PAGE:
Into the Fire
In the non-fiction book, Into the Wild, McCandless shared antithetical views to London's dark naturalist themes, in the short story “To Build a Fire.” McCandless went on an adventure in Alaska, but he also thought that he could prepare himself to beat the obstacles. In London’s story, after the man endured a severe "beating" by the Yukon's extreme environment, it focuses on man's inability to conquer nature or animals' instinct. Readers of both works can’t help but see the similarity between McCandless's harsh fate and "To Build a Fire” when the man dies in the cold, unforgiving Yukon. Both men think that they will be different from others who have gone before them into the demanding obstacles of the outdoors and both met cruel deaths.
The most compelling evidence of both stories was how McCandless and the man both die. McCandless thought he could endure the Alaskan weather and other elements of Alaska, but he did not succeed. Swasonine was the cause of McCandless death (Krakauer 194). In the end of the book Chris wrote in his journal writing,” In weakest condition of life. Death looms as serious threat…”(Krakauer 195). If McCandless wasn’t alone his fate would of probably ended differently. McCandless died on August 18, 1992 (Krakauer 199). On the contrary, in the story to “Build a Fire” the man died alone like McCandless, but met his cruel death a different way. The man didn’t listen to the old-timer of Sulphur Creek (London 7). The old-timer told him not travel alone if it’s lower than 50 below zero (London 7). When the man traveled it was 75 below zero (London 2). Awhile the man was walking to his destination, his nose and cheek bones started to feel numb (London 3). Later on, he was hopeless, if he had listened to the old-timer's advice he would of not died frozen to death.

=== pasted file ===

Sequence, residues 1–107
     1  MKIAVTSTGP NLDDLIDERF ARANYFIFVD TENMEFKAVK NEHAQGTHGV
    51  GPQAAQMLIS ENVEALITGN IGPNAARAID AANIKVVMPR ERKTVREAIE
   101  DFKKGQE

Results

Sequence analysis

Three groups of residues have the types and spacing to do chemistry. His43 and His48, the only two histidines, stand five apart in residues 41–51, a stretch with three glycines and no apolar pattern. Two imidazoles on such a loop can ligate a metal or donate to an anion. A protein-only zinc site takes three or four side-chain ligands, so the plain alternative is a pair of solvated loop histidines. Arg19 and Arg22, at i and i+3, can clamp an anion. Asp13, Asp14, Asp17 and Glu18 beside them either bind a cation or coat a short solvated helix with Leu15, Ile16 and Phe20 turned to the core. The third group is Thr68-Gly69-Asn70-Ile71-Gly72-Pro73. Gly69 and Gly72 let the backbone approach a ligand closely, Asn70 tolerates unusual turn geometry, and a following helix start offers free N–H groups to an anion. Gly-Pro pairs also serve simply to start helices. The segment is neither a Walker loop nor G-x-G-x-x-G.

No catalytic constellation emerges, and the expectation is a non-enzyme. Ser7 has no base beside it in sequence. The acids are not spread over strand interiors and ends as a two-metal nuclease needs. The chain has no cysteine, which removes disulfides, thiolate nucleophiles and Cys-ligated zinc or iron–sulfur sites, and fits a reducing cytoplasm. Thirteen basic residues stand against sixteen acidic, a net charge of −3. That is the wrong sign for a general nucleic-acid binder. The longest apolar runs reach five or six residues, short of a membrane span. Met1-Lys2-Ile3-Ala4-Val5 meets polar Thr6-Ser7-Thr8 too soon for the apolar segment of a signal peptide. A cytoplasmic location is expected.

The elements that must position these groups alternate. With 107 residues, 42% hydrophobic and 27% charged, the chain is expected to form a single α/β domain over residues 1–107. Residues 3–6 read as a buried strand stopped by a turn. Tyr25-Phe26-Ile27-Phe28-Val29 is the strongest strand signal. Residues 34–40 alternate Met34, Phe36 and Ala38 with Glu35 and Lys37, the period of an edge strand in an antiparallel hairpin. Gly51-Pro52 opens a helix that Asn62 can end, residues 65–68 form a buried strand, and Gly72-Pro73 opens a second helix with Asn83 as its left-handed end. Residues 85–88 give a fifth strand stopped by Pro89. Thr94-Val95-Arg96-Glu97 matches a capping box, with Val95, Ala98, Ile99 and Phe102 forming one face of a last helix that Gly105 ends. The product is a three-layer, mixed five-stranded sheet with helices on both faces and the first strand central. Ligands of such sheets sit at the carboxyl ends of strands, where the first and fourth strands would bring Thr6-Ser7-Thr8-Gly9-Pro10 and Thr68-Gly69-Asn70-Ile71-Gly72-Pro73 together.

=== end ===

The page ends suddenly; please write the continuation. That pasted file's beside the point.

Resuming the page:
Another key point was both men were greenhorns. They both were...